We walked for 20 minutes until a kind, humane person came with a motor and took us on our way.

We went to the Tamini projects. Everybody was running away. All the shops were closed.

The streets were full of cars and trucks people and all the girls and women were running to make sure they got home as soon as possible in case the Taliban reached that area and hurt them.

My family was ringing from home saying, Come quickly. So we told our driver to go another way. The whole time we saw a city engulfed in fear and terror. And everyone running.

After an hour we arrived home and we heard the voice of Payham Fir saying the Taliban are in the North Road, three minutes away from our house. Again I looked on social media where I could see pictures of the Taliban at Saraj I Shamali (the northern market) telling girls to go home quickly. Don’t come out again. When I saw these videos and photos I lost my soul and my mind. I lost myself. I felt so feeble mentally. I told myself that all the efforts of all these years have been lost. We studied so much. We woke up early in the morning to go to University. We tried so hard. Every is lost. All is gone.

I tell myself that one day will arrive when we can go out with comfort and study again. One day will arrive when we can go to the TV station again and present our programs. Even though all these questions are unanswered, we won’t give into hopelessness. I will try to reach my goals if they allow me. God willing that Afghan women should not be tortured again. Allow them please to shine and rise again like the Sun."

Thanks to Elizabeth Rubin for allowing Journal of the Plague Years to publish these messages.

From Elizabeth Rubin's "In the Land of the Taliban"

One afternoon this past summer, I shared a picnic of fresh mangos and plums with Abdul Baqi, an Afghan Taliban fighter in his 20’s fresh from the front in Helmand Province in southern Afghanistan. We spent hours on a grassy slope under the tall pines of Murree, a former colonial hill station that is now a popular resort just outside Pakistan’s capital, Islamabad. All around us was a Pakistani rendition of Georges Seurat’s “Sunday on La Grande Jatte” — middle-class families setting up grills for barbecue, a girl and two boys chasing their errant cow with a stick, two men hunting fowl, boys flying a kite. Much of the time, Abdul Baqi was engrossed in the flight pattern of a Himalayan bird. It must have been a welcome distraction. He had just lost five friends fighting British troops and had seen many others killed or wounded by bombs as they sheltered inside a mosque.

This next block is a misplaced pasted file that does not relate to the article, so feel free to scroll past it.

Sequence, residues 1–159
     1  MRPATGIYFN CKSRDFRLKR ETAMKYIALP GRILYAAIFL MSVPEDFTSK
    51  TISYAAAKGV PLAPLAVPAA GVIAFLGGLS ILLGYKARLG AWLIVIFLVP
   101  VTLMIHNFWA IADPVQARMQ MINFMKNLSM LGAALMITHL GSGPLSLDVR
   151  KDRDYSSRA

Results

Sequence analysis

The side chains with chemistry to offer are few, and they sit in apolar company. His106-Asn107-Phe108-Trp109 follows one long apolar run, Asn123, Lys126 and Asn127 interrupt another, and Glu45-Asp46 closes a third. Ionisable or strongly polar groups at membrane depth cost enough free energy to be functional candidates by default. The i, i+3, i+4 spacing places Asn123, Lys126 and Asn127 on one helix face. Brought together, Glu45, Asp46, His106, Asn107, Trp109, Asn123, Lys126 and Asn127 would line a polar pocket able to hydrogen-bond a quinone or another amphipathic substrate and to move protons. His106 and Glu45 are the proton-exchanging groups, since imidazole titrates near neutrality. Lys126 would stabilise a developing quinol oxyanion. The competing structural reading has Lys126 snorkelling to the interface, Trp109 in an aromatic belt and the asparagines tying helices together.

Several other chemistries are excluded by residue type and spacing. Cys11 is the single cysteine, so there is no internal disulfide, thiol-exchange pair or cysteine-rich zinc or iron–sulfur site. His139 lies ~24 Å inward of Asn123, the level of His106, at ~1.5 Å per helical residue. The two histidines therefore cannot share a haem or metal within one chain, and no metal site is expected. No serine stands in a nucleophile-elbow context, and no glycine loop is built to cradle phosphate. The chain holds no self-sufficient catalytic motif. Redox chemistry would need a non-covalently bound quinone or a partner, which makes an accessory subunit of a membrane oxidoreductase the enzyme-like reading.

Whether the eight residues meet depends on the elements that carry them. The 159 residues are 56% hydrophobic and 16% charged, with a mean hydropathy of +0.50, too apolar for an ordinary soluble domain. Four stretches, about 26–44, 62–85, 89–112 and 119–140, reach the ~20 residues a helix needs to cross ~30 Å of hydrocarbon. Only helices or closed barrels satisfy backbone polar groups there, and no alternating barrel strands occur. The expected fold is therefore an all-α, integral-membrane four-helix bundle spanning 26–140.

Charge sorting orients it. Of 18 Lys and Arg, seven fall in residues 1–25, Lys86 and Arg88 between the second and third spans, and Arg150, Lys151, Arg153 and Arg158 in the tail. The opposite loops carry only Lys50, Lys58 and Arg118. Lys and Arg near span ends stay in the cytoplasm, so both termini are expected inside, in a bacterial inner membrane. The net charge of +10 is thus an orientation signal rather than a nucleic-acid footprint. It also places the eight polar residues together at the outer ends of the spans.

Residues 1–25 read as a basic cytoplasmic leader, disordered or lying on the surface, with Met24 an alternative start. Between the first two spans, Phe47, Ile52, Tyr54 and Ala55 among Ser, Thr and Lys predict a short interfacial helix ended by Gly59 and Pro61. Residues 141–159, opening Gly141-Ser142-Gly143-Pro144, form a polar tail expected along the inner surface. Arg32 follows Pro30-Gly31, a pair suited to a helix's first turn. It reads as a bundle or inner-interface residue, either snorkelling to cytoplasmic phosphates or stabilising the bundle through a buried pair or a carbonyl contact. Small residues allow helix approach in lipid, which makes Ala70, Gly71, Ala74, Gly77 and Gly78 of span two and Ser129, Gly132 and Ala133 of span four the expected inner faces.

Pregnant and Embedding with the Army in Afghanistan

When I was asked to write about being pregnant and embedded with soldiers in Afghanistan, I said OK. But I was still reluctant. And so the months passed. Then, not long ago, I got an email from a colonel in the army's media affairs office, saying they were declining my next embed request in part because "you failed to disclose your pregnancy". What troubled me more than the refusal was that the colonel was a woman. Compare the email I got from another colonel, a man: "Congratulations! I heard you are due in February – forever you will provide Rock Paratroopers with stories. 5(+) months pregnant humping up the Abas Ghar!" (the 8,400ft mountain ridge in the Korengal valley).

 

How could a woman, particularly in the military, not understand why I would have kept my pregnancy to myself? Is it true that the toughest adversary for women is still other women? I may be extracting too much out of a simple anecdote, but it was enough to make me want to tell the story. One reason was visceral: I wanted to get even with her. The other is more complicated.

 

Read more at The Guardian.

The Paris of Central Asia

What is now Afghanistan is a network of passes between China and Central Asia, India and the West, so that the conflict and intermingling of cultures here was bound to be extraordinary. But Afghanistan itself … is interesting chiefly because waves that flowed through it to mingle elsewhere left a little water behind in these mountains, and things that suffered metamorphosis ... elsewhere survived longer here in a purer form.

Babur went on to conquer Delhi and found the Moghul dynasty; he returned to Kabul because of the gardens and big trees and because it was cool in summer.
 

— Peter Levi, “The Light Garden of the Angel King,” 1973

“I lived in Afghanistan when it was very governable, from 1964 to 1974,” said Thomas E. Gouttierre, director of the Center for Afghanistan Studies at the University of Nebraska, Omaha, who met recently in Kabul with Gen. Stanley A. McChrystal, the top NATO commander in Afghanistan. Mr. Gouttierre, who spent his decade in the country as a Peace Corps volunteer, a Fulbright scholar and the national basketball team’s coach, said, “I’ve always thought it was one of the most beautiful places in the world.”

- The New York Times 10/18/2009

Faridha Marwash ::: Come To Me In The Morning

SAFAR ::: “Raftim Azin Baagh”

Djila ::: Dari Folk Music

Ustad Mohammad Omar and Ghulalahm ::: Music in Kabul in the 1960’s

Afghanistan ::: Music From The Crossroads of the World recorded by Peter Ten Hoopen in 1973

“Greedy nations want our land, and they have interfered with our country…”